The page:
The word that springs to mind when you watch Damon Webb is “good”. That is, by antithetical definition, not a bad thing but, at the same time, it wouldn’t have me banging down the door to draft him, were I an NFL GM. He is good in coverage, he is a good athlete, he is good in run support – he is not, however, exceptional in any of these areas, which leaves me unsure as to where he fits in the NFL. The corollary from this is that he is probably a fifth or sixth round pick, who can make your team as a third or fourth safety and a special teams player; indeed, his ability to come downhill and fill makes me pretty comfortable with the idea of Webb as a core special teams player. His ball skills are decent but not spectacular, as his career interception tally would indicate. Ultimately, I would probably be happy if my team took Webb in round six; my instinct, however, is that he will be taken a round or two higher than this and that he will only ever be one of those players who is struggling to make the roster at the conclusion of training camp.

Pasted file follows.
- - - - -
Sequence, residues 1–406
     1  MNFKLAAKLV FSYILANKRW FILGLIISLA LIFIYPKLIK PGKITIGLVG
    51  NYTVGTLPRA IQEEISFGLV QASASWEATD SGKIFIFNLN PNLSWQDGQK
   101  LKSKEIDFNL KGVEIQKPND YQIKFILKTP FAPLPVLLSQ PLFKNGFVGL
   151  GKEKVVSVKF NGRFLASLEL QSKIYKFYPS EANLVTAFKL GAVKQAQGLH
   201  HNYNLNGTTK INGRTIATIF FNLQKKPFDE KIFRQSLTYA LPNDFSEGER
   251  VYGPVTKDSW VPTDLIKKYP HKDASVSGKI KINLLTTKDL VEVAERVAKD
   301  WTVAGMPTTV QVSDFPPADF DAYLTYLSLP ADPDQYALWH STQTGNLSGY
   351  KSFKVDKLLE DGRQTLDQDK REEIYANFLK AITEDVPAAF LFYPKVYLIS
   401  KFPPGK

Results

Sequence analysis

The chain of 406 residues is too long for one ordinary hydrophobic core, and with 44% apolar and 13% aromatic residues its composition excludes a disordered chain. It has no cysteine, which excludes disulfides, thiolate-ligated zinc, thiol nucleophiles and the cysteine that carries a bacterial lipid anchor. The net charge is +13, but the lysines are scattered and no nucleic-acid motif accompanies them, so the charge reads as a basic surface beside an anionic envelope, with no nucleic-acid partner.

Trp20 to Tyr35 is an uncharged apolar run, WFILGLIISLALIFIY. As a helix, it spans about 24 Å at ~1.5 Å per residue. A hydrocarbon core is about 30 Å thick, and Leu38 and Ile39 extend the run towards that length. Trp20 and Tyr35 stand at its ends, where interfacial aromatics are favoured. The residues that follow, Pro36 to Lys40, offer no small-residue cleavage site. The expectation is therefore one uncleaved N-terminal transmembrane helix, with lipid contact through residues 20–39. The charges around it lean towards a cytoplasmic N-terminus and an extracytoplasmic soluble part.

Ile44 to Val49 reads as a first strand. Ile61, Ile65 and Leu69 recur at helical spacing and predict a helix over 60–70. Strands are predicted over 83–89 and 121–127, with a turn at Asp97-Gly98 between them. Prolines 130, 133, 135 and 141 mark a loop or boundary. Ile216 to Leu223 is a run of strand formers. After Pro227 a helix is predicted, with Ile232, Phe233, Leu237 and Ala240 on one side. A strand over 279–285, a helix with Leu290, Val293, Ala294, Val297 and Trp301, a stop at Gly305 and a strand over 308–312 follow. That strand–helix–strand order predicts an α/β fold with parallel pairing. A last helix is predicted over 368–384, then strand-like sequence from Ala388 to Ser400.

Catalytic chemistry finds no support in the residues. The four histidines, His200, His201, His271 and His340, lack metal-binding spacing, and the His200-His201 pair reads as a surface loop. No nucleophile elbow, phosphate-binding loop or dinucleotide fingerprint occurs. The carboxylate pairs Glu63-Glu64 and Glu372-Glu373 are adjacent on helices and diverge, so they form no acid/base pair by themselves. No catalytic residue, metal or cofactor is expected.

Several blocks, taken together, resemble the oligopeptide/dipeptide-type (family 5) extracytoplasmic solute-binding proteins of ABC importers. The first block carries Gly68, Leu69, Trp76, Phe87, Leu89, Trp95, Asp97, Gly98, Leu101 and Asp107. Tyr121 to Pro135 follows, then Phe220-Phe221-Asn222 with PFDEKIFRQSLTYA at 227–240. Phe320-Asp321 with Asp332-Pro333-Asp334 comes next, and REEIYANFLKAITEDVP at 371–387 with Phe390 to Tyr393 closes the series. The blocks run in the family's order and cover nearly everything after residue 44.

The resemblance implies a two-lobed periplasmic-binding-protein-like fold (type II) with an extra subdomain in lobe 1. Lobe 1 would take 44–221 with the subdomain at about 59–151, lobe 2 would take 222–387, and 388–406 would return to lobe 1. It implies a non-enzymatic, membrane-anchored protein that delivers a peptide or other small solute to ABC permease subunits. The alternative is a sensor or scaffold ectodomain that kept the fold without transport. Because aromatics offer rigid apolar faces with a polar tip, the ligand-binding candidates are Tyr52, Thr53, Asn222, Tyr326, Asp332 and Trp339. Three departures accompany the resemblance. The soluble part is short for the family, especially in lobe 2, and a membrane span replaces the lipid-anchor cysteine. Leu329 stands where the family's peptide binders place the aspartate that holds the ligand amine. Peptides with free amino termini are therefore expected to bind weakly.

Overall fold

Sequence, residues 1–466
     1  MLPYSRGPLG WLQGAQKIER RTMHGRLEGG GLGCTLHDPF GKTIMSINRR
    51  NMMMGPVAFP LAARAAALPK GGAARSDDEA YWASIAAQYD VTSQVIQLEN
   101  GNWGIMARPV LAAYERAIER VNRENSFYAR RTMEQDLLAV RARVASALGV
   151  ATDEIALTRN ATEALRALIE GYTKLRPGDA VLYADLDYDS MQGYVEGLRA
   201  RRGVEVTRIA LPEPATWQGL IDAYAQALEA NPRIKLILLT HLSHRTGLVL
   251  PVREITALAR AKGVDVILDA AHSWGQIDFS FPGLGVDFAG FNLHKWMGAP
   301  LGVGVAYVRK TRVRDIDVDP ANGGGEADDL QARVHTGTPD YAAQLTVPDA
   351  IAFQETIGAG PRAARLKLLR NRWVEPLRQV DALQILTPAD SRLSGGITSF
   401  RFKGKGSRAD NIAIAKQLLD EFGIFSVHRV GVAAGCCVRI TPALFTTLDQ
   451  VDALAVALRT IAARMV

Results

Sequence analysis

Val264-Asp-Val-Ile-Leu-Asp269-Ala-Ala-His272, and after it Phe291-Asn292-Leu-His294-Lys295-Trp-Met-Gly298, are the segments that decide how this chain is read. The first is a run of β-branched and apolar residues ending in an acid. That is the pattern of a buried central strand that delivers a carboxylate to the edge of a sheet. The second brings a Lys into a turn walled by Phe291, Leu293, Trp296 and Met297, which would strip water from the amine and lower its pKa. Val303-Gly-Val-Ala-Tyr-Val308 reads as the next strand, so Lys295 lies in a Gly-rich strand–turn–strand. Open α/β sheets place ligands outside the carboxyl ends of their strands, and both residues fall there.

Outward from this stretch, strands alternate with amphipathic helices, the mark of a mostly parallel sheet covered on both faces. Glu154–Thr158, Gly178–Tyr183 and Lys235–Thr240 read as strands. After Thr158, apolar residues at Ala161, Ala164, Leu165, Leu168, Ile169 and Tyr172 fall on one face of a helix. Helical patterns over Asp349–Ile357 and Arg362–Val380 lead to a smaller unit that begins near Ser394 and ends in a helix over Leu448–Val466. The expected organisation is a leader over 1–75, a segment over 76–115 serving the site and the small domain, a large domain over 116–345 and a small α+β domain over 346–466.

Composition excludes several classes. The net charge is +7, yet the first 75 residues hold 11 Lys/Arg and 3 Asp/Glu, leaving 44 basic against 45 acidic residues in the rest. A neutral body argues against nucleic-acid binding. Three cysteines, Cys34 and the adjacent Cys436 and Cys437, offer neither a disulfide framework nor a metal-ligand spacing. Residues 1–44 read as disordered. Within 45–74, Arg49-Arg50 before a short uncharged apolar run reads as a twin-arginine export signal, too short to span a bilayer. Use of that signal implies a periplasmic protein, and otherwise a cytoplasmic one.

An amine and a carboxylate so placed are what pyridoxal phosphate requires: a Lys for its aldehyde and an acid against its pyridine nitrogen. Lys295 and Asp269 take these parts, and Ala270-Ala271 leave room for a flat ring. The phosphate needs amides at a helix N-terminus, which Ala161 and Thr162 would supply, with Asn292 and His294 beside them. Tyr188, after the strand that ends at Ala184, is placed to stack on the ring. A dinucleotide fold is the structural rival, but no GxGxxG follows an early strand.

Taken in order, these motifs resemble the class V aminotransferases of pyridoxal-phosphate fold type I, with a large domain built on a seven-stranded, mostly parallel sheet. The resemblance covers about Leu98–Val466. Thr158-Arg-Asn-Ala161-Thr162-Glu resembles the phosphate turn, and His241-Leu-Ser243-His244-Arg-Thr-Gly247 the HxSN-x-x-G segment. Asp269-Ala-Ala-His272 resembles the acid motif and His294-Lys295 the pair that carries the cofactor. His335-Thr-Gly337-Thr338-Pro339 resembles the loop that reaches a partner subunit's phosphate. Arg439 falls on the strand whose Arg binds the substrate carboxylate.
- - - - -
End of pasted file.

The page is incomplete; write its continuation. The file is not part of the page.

There is a lot to like about Igwebuike. Entrance to Northwestern, of course, intimates that his brain contains more than a grey, nebulous mist and you can see evidence of this on the field. He is impressively instinctive against the run and, once he diagnoses a play, his closing speed is certainly of an NFL calibre – he is genuinely quick for a safety. He reads a QB’s eyes well, which enables him to get into position to make the tackle with an economy of effort. His tackling technique is sound, particularly against the run, where he takes excellent angles, enabling him to explode into contact. Against the pass, he has a tendency to wrestle people to the ground but I won’t criticise him too much for this; he does, at least, do it consistently, unlike Armani Watts of Texas A&M. I like his quickness and flexibility in man coverage; in zone, however, he is, on occasion, hesitant when it comes to diagnosing his responsibilities. He looks like a fluid, able athlete, with sufficient size to play well in the NFL and the attitude and intelligence to accept coaching. He is also an alpha-male leader, who should be a very positive addition to any locker room. I am not sure about his 6-0, 200lb measurable, which look a little generous; at the same time, I would be happy if my team were to draft Igwebuike somewhere on Day 2.